This is a problem because as of right now – even with several applications being progressed – nobody in Ireland knows exactly what a Technological University is. We know what a University is. We know what an Institute of Technology is. We know how they are funded (or not, as the case may be) for research, teaching and learning and how autonomous (or not) they are. As of right now, based on all Government commentary to date, Technological Universities are to be funded on the same basis as IT’s with no more autonomy and no more funding and no baseline research funding for example, than heretofore.

We need to ask ourselves: what is on offer here with the Technological University? Increasingly the concern is that the answer is nothing other than re-branding and rationalisation. It appears that the Technological University process is to the Institutes of Technology what the IT process was to the Regional Technical Colleges. A re-branding, with one for everyone in the audience at the end of which Waterford will have not ‘caught up’ at all with the educational provision available in other Irish cities and Gateways. But various politicians will certainly go around clapping themselves on the backs and telling anyone who will believe them (including us) that we are now sorted. But we will not be sorted. Our young people will still head to Cork or Dublin or other ‘University Cities’. The question of ‘What is a Technological University’ and what extra will it offer has NOT been answered.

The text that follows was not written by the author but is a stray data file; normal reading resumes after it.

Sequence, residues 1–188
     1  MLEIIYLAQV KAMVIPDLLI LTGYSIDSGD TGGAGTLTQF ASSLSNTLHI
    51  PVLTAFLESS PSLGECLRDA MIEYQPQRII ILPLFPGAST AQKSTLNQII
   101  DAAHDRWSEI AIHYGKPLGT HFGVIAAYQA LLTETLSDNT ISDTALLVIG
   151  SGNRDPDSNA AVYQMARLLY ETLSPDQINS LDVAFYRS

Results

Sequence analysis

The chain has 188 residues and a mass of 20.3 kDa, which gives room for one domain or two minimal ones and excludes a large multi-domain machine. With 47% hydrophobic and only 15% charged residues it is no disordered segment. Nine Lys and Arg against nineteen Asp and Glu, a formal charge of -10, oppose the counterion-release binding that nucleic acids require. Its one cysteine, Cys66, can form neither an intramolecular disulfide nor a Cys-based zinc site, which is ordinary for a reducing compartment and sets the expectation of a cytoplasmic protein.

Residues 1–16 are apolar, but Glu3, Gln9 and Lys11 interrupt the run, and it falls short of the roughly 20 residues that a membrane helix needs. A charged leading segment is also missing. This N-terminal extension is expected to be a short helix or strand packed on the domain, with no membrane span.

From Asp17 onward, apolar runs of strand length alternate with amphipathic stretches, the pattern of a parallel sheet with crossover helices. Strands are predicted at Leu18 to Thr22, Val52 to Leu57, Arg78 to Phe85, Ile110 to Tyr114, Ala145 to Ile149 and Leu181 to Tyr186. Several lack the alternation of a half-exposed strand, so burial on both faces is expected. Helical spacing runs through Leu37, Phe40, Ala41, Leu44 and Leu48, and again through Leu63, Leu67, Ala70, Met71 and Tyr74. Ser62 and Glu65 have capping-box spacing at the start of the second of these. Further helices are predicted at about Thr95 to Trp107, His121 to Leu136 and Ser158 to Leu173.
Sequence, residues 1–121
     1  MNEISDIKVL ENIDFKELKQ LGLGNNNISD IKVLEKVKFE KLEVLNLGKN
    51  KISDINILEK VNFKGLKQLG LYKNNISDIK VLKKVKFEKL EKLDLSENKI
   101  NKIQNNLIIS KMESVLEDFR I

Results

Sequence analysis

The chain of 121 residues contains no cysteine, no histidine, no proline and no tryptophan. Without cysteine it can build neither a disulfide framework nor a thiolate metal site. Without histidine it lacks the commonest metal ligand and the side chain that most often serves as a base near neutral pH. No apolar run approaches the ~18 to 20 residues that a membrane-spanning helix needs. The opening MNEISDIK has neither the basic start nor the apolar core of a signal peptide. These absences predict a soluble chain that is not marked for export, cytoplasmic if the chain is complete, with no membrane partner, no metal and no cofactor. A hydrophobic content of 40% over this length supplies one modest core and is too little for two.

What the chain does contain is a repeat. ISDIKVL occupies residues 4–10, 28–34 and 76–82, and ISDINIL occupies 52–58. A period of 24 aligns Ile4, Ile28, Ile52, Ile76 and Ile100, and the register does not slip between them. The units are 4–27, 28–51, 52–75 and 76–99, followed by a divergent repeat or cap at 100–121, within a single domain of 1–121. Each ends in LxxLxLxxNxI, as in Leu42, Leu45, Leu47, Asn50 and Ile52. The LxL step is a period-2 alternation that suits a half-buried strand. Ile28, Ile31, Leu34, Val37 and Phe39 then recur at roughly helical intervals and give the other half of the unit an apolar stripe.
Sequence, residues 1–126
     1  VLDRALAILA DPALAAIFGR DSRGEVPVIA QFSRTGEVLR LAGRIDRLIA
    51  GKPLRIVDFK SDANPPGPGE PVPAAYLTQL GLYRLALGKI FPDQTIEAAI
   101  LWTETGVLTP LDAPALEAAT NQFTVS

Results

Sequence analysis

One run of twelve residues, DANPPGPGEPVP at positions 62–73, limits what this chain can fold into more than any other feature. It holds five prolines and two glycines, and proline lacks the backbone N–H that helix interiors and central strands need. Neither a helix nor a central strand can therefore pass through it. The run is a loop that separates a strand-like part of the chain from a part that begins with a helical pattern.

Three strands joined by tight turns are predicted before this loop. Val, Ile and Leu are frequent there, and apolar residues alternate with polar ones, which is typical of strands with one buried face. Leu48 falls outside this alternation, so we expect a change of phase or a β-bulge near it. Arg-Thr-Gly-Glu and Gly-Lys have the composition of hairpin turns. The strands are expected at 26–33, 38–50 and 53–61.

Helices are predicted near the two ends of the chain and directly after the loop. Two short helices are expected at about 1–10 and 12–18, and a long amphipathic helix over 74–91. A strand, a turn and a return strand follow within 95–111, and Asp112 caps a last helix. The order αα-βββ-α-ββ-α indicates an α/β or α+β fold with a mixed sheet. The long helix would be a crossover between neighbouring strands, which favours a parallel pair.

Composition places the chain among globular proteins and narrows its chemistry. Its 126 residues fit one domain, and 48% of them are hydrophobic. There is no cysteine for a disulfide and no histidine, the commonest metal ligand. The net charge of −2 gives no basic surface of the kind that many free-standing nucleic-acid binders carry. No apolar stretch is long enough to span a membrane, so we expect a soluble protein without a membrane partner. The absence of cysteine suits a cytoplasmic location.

As a member of the WIT Governing Body since 1999 until last March I am aware of all of the recent history of the college and of the timelines and processes involved in the TU application to date.

I have some fundamental concerns about the report itself both its tone and in its content and timelines which appears to contain some inaccuracies. Firstly, I do not recall any contact between WIT and ITC prior to the publication of the Programme for Government in 2011. Indeed the Waterford/ Carlow alliance specifically was a construct of the coalition government and the Institutes were not consulted on the matter in advance. This forced construct runs contrary to other TU applications where the institutes in question were allowed to select their own partner or partners. In fact some of these alliances have seen partners come and go for various reasons. So much for autonomy and academic freedom!